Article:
A highlight of past National Day celebrations was the Kuching-Serian-Kuching race. It was glorious seeing the peloton flying along Rock Road with the police outriders escorting them. This race has been discountinued for several years.
THERE has been lot of chatter, lately, at Kuching’s water-coolers and in kopitiam with words like Shimano, Campagnolo, SRAM, recovery ride and carbonfibre being bandied about.
To the average person, all these terms are meaningless.They only mean something to those who were at the Borneo Convention Centre Kuching on March 24 and 25 where the Sarawak Cyclefest was held.
Shimano, Campagnolo and SRAM are the top component makers while carbonfibre is the choice material for high-end bicycles.
There has been a proliferation of lycra on Kuching roads lately and it’s a Malaysian trend which has seen a growth in cycling.
Collin Tay, owner of Kuching’s WG Cycle, confirms this rise in popularity.
“I estimate there’s about 20 per cent increase in sales,” he said, comparing the first quarter of 2012 with the same 2011 period.
“Mountain bikes still sell the most but road bikes are more popular now,” he added, noting that being health-conscious is a contributing factor.
Performance Bicycle’s manager HC Chin observed there had been “quite a lot of white-collar workers taking up cycling lately.”
Joyo Pro-Bike’s owner Ahmad Joyo pointed out that cycling was less stressful on the body.
“You can cycle for several hours without getting too tired as you can stop, catch your breath and resume — unlike running where you are tired after an hour’s run,” he said, adding that cycling was less injury-prone.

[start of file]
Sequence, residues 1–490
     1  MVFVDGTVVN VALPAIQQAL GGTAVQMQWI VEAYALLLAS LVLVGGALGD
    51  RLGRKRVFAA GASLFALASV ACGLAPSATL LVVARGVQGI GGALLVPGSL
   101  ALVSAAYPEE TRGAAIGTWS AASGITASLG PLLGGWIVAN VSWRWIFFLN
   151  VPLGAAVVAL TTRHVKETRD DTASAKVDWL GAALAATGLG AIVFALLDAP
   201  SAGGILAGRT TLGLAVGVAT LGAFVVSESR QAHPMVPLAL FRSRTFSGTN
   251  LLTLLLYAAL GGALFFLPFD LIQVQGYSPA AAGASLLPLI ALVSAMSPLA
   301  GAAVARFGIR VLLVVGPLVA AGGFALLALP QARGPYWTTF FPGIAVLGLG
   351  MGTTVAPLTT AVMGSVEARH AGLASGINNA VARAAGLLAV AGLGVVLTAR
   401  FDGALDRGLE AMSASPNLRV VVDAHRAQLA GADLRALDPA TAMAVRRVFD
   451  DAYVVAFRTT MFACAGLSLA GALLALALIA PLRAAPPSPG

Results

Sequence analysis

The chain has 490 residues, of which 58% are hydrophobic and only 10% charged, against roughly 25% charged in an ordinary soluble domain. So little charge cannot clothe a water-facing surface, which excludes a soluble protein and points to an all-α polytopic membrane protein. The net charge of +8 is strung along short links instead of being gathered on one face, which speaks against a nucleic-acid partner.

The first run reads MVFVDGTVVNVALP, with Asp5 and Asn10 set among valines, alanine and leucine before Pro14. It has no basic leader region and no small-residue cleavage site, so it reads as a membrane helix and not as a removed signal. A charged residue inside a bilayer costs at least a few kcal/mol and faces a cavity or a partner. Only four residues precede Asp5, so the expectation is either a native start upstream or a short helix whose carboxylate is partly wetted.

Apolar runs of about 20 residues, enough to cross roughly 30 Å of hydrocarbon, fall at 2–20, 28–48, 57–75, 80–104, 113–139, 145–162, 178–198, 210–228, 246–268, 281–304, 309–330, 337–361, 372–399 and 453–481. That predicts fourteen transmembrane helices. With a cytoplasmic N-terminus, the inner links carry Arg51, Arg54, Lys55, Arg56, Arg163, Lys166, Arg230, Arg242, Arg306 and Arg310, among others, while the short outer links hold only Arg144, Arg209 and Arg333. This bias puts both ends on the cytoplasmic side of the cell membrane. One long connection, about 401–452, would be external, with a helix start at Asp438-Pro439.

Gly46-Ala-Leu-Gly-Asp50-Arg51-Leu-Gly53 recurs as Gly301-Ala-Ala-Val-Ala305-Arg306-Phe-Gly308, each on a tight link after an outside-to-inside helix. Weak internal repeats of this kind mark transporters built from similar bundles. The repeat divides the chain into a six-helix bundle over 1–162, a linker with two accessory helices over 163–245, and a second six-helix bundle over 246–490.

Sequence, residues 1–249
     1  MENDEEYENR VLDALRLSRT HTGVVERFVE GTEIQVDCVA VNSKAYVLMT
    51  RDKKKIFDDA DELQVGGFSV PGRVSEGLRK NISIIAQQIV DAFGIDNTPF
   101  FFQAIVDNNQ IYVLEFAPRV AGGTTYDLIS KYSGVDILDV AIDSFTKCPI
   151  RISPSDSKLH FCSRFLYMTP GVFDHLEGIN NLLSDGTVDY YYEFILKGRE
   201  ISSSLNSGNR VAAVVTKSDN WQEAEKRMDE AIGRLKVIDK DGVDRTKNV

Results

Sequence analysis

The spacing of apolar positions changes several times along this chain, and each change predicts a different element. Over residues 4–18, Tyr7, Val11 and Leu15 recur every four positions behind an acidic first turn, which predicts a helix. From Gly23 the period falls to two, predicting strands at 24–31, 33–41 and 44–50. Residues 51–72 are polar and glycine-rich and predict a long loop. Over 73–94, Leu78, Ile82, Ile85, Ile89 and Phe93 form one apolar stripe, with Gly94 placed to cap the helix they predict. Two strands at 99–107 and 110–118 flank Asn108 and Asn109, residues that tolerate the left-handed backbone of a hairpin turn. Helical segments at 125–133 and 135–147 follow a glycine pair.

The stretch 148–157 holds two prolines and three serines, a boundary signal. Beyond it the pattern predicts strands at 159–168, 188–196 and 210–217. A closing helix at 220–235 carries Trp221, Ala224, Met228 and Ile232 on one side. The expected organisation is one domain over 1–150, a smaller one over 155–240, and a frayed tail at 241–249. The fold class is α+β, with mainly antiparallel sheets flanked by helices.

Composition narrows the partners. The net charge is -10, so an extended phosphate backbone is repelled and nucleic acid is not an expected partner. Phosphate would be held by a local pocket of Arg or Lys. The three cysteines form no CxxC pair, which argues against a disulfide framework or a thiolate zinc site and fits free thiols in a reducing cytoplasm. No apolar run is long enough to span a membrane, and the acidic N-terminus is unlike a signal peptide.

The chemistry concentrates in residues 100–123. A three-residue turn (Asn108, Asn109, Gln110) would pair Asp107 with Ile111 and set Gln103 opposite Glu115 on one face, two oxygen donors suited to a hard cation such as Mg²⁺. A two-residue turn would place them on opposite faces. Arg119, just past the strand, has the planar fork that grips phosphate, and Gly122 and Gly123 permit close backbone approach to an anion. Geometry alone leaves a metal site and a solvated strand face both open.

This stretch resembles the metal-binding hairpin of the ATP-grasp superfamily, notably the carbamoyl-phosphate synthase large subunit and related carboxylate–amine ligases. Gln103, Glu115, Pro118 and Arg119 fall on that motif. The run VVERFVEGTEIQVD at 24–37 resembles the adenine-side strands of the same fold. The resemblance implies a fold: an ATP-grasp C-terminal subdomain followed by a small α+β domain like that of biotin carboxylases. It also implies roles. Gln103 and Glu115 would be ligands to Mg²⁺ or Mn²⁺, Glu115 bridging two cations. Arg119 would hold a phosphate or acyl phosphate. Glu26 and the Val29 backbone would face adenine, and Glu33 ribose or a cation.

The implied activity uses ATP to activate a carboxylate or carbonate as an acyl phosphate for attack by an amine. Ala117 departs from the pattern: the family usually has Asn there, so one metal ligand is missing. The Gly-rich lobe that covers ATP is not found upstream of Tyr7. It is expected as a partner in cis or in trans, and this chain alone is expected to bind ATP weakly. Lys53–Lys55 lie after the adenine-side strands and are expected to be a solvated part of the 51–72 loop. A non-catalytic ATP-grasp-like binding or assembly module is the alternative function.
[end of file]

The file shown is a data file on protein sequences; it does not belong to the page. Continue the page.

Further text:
More women riders
Women are also increasingly taking to cycling.
Jessy Jee, at the encouragement of her husband, Jee Tze Liong, who rides with the Kuching NiteRiders group, took up cycling in August last year.
“I also wanted to try a more exciting and interesting sport, plus it’s also good for health,” said Jee who works with her husband in their home renovation business.
“When I heard there were ladies in the group, I had the confidence to join them as I was afraid I might not be able to keep up with the pack,” she explained.
“The other cyclists are very helpful and friendly — so it helps keep me going.”
Now she feels she “can loudly shout out that cycling is wonderful and fun!”
“I did the Tasik Biru trail in Bau once with my husband as he wanted me to try the difference between road and off-road riding.
He said it would be fun,” laughed Jee, recalling that “the rocky downhill section was a bit scary.”
It’s not just the classic racing bike and the mountain bike that are appearing on Malaysian roads.
Folding bikes are a growing segment, especially among space constrained city dwellers.
Another popular bike is the fixed-geared bikes or fixies which have a single gear with no coasting ability — which means your legs move whenever the wheels roll.
A true fixie has no brakes — just like its velodrome brethren. A skilled rider brakes using the legs, a la Fred Flinstone, by stopping the pedals from turning which sends the bike into a skidding stop.
Ahmad Joyo is bemused by the popularity fixes.
“Maybe it’s because they are simple and inexpensive. They are trendy as they are so popular in West Malaysia,” said the retired commando and once top Malaysian triathlete.
There are now magazines like Cycling Malaysia which give the latest information on bikes, components and competitions. There is even a Malaysian website, bicyclebuysell.com, dedicated to the trading of cycling goods. In tandem with this growth, there are organised rides almost every weekend in Malaysia.